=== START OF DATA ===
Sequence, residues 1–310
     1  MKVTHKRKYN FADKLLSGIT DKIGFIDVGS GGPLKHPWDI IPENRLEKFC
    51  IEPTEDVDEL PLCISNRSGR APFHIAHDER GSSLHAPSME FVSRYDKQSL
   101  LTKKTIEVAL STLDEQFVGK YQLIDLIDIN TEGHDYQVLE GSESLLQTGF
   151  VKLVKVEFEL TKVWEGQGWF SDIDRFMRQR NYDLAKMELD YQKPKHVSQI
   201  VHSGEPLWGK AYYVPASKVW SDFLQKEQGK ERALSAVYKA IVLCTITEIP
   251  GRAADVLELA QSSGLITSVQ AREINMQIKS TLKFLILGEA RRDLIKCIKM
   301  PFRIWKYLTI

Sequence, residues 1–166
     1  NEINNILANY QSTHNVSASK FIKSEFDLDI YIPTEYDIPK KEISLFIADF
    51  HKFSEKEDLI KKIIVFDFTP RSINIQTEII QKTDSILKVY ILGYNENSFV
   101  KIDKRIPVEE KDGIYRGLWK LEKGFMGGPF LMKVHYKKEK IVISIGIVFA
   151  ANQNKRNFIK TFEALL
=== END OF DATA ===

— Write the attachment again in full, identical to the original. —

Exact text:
Sequence, residues 1–310
     1  MKVTHKRKYN FADKLLSGIT DKIGFIDVGS GGPLKHPWDI IPENRLEKFC
    51  IEPTEDVDEL PLCISNRSGR APFHIAHDER GSSLHAPSME FVSRYDKQSL
   101  LTKKTIEVAL STLDEQFVGK YQLIDLIDIN TEGHDYQVLE GSESLLQTGF
   151  VKLVKVEFEL TKVWEGQGWF SDIDRFMRQR NYDLAKMELD YQKPKHVSQI
   201  VHSGEPLWGK AYYVPASKVW SDFLQKEQGK ERALSAVYKA IVLCTITEIP
   251  GRAADVLELA QSSGLITSVQ AREINMQIKS TLKFLILGEA RRDLIKCIKM
   301  PFRIWKYLTI

Sequence, residues 1–166
     1  NEINNILANY QSTHNVSASK FIKSEFDLDI YIPTEYDIPK KEISLFIADF
    51  HKFSEKEDLI KKIIVFDFTP RSINIQTEII QKTDSILKVY ILGYNENSFV
   101  KIDKRIPVEE KDGIYRGLWK LEKGFMGGPF LMKVHYKKEK IVISIGIVFA
   151  ANQNKRNFIK TFEALL